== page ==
3.    The TL will engage the cooperation and collaboration of local in-plant inspection program personnel, without drawing them into the IDV review, by requesting their assistance in an initial walk-through of the establishment to familiarize the team with the operation and layout. (Note: The TL will promptly refer to local personnel any team observations that might involve immediate food safety problems. In-plant inspection program personnel are expected to take any necessary actions)

                    4.    The TL will correlate with all members of the team about their understanding of the technical, scientific, and regulatory standards against which establishment activities are to be measured.

                    5.   If the IDV does not involve all operations in the establishment, the TL will determine and define the scope of the review. During the course of the review, the TL may change the scope of the review. For example, if the team determines that a fundamental requirement, such as conducting the hazard analysis and identifying critical control points (CCPs) for all "food safety hazards reasonably likely to occur," has not been met, the TL should terminate the IDV review and inform the establishment, as well as the DM, of this determination and its basis.

                    6.   The TL will make assignments for performing various aspects of the IDV review, taking into account the expertise of individual team members and the sensitivity of the review. Wherever possible, more than one person should be involved in the review and in the analysis of documents or activities.

                    7.   The TL will hold team meetings as necessary during the course of the IDV review to ensure that work is proceeding on time and on target.

                    8.   The TL will serve as, or designate a single person to serve as, the teamís contact with the establishment regarding follow-up questions, requests for further information, etc., during the course of the review. All individual team member requests should go through the TL.

                    9.    The TL will schedule and lead the exit meeting with the establishment.

                    10.  The TL will ensure that the draft team report is finished within one week of completing the on-site review, and that the report is submitted to team members and the DM, plus the DAs of OPPDE, FO, and OPHS. The TL is not expected to write the report alone. All team members should contribute, and members with skills in documentation should be major contributors.

           D.    What are the team membersí responsibilities?

                    1.    The team will be fully available for this priority effort by ensuring that their routine/on-going assignments have been delegated to colleagues for the relevant time period.

                    2.   The team will study, in advance, the checklists and the reference materials that define the benchmarks. This will prepare team members to perform the review efficiently and effectively.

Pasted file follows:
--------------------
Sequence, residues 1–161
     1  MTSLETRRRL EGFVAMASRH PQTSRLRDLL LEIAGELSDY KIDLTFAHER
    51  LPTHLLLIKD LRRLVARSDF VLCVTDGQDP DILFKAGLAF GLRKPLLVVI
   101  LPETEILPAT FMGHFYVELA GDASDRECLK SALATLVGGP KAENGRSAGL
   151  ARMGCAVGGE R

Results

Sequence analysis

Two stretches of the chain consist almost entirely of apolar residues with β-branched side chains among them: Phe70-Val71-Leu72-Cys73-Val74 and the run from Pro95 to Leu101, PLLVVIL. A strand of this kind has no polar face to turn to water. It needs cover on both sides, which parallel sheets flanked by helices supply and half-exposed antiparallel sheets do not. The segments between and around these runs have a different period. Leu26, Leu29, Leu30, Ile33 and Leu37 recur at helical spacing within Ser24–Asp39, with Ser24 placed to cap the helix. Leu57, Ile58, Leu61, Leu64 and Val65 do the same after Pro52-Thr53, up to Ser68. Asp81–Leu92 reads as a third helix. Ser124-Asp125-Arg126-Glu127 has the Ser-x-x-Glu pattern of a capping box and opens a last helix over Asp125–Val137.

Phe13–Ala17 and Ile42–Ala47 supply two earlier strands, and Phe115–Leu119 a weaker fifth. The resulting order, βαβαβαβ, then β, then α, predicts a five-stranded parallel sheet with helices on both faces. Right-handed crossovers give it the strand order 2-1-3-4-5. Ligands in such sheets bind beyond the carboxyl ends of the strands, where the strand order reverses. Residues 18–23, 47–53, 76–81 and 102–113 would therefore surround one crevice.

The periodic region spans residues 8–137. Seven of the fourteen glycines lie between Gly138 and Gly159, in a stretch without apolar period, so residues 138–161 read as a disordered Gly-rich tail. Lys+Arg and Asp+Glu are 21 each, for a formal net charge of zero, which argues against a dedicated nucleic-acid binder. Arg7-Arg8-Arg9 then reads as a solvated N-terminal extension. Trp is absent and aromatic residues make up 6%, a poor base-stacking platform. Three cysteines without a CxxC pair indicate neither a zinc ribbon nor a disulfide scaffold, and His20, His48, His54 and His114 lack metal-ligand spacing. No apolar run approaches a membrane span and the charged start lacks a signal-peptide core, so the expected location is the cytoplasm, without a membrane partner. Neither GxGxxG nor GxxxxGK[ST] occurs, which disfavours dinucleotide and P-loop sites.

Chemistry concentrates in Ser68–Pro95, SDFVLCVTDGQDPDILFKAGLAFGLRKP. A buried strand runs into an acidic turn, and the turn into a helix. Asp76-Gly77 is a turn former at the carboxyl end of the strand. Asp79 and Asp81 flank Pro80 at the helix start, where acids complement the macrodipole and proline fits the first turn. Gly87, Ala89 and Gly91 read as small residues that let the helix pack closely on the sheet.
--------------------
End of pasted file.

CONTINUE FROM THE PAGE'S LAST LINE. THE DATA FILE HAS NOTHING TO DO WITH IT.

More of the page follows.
3.    The team will bring with them technological tools, such as portable computers, that will enable them to record their observations and perform data analyses.

                    4.    The team will bring or have ready access to any information pertaining to the subject establishment that is important to their areas of expertise.

                    5.    The team will be skilled in objective reporting of facts without making judgments. Team members are expected to provide factual descriptions of what they read in documents or of what they observe in operations. Team members should not formulate judgments in circumstances where only facts are necessary.

                    6.   The team will assist in writing the report within specified time frames.

  1. The IDV review report
  2. A.    What are the key characteristics of a good IDV report?

                  1.   Good IDV reports are clear and understandable to a general audience, including attorneys, consumer groups, and the interested public. Many people who will review and use the report will not have extensive technical or scientific experience and education. This means that the report must both communicate the technical and scientific findings and provide insightful analysis that supports their significance. The report should be written in a way that will be useful both to the Agency in deciding what follow-up action with respect to the establishment is necessary and appropriate and to an establishment that wants to use the report as a basis for improving its design and execution of HACCP systems and Sanitation SOPs.

                    2.    Good IDV reports are concise and present findings supported with factual observations. Such reports do not speculate about what might have happened or what might have been the thinking of establishment management or personnel.

                   3.    Good IDV reports present scientific and technical analyses that explain why observations rise to the level of findings. These scientific and technical discussions are framed within the principles of HACCP, as articulated in FSIS regulatory requirements.

                    4.    Good IDV reports contain regulatory citations from the checklists but do not rely on extensive quotations from the regulations or Agency Directives and Notices. This scientific and technical emphasis is appropriate because the Agency has other verification tools to address regulatory compliance. Personal interpretations of regulatory requirements are not appropriate.

             B.    How will the Agency review and use IDV reports?

                     1.   After the IDV review team has formulated its report, the report will be submitted to the DM. The DM will direct the IC to analyze the report and make recommendations about how to proceed with the establishment based on the reportís findings. In performing this analysis, the IC should draw on the following resources as necessary: the IDV review team itself; scientific and technical experts; regulatory and policy experts; and colleagues who might have had experience in performing such analyses.